Let me know if you have a go at the Pattydoo pattern, I would love to see your makes!

Take care, and I’ll be back soon,

Kathy x

 

 

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My Secret Valentine Exchange swap 2108.

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Time has really run away from me just lately and I have just realised that I did not blog about my Secret Valentine Swap experience last month.

So, for those who are unfamiliar, this is a friendly crafting swap, organised by the amazing Sanae and Ute and I understand that this is the fifth year of it taking place.

The idea is that you secretly make a handmade gift for your assigned partner, to be sent out in time for Valentines Day. You will also receive a handmade gift from another partner. Such a lovely idea.

I chose to sew my items, but any craft that you are into is acceptable. Some knit, some paint, some crochet, some wood turn and others have made jewellery, to name but a few.  I imagine pretty much every craft has been covered by this exchange.

In order to help you make something for somebody who is essentially a stranger, you answer a couple of short questions regarding your taste and style, and this information will be passed to your partner. You will also be given their social media information so that you can take a little peek to see if this helps you make up your mind on what to make for them. I think the idea is to use bits and pieces that you already have where possible, to try to keep your costs down. Ooh and it is an International event so you may receive or have to send your item abroad.

This is the second year that I have taken part and I loved it so much last year that I couldn’t wait to take part again this time.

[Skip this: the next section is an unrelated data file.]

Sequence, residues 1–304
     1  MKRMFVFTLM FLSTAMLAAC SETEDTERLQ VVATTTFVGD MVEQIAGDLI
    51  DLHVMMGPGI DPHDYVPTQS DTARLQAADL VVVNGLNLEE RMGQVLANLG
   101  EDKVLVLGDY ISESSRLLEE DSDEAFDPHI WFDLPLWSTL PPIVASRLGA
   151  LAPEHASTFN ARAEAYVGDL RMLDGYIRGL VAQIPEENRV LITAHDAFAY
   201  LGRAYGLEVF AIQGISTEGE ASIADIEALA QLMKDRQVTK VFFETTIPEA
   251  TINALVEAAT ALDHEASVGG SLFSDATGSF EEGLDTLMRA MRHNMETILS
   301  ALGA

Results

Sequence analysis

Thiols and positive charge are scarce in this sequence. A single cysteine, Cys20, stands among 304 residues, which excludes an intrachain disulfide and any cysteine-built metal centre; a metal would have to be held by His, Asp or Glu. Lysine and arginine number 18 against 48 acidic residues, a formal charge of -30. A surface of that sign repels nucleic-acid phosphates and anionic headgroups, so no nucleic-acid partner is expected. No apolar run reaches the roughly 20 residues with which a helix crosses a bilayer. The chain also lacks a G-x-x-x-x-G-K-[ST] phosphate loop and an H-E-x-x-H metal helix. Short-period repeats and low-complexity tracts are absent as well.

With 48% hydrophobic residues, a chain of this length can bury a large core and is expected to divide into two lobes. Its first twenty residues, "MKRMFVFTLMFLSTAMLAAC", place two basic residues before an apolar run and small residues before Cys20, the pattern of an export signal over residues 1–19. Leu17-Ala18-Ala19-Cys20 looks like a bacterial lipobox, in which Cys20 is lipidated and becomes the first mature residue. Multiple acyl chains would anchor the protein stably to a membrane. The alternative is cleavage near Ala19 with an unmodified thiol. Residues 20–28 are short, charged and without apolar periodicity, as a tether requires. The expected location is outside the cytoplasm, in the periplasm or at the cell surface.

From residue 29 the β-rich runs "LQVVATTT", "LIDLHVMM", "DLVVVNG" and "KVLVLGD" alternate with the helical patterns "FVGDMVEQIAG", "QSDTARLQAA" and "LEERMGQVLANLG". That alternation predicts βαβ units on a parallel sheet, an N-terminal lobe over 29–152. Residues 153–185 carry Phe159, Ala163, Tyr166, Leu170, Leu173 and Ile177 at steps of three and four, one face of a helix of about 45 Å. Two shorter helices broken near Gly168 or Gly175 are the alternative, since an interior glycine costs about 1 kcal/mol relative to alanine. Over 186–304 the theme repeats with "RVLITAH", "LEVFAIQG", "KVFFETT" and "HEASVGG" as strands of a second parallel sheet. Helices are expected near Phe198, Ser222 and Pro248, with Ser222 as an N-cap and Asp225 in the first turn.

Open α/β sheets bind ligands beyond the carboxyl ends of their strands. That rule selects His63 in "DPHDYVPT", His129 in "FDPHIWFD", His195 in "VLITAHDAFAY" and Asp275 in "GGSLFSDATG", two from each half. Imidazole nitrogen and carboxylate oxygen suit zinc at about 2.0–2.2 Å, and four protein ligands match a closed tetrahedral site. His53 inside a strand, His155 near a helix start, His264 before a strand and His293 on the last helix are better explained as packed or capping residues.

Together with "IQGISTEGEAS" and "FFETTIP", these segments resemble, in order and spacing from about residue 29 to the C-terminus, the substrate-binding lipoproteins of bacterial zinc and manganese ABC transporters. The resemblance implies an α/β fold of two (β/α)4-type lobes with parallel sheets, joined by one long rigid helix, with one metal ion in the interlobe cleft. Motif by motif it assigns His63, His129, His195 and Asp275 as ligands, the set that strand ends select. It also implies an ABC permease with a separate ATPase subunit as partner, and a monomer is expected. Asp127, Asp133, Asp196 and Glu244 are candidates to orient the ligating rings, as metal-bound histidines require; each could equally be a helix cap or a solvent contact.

They lady who I made for lives in the U.K. I will not link her here, as I have not asked for her permission, but I had a little peek over at her Instagram to see if this would give me any clues as to what she might find useful. I must admit, nothing jumped out at me, so to play it safe I decided to make her a fabric basket, as I have made a couple of these for myself before and I think they are super cute as well as very useful. I knew that her colour preferences were blue ( which is lucky as anybody who knows me will know that I wear lots of blue – therefore meaning I have lots of spare blue fabric), and I made a large quilted basket.

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This was pretty quick to make, and I felt like I could do more. So I also decided to make a smaller bag, made up with small patchwork pieces to add to gift her too. Again it is a bag that I have made before and I use it to keep my Clover Wonder Clips in. The bag came together really nicely and I also bought some Wonder Clips for her in case she might like to keep some in her bag too!

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Finally I raided my felt stash, and cut several different shades of blue felt into circles to stitch together to make some felt bunting.

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I was excited to package it up and send it off to London in time for Valentines Day.

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So the gift that I received bowled me over!  Again I won’t mention her as I haven’t her permission, but I received the most beautiful Seamwork Almada robe from my lovely partner.

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I cannot tell you how beautiful it is. My clever partner has chosen something that I will treasure and truly love wearing. The fabric is super soft and the colours are right up my street. I cannot believe that somebody would make something so lovely for me, and am truly moved by such kindness.

If you are active on Instagram, you might want to take a look at the hashtag #2018sve and check out all the wonderful items that were given and made during this wonderful exchange. I believe that there were 576 participants worldwide this year which is incredible!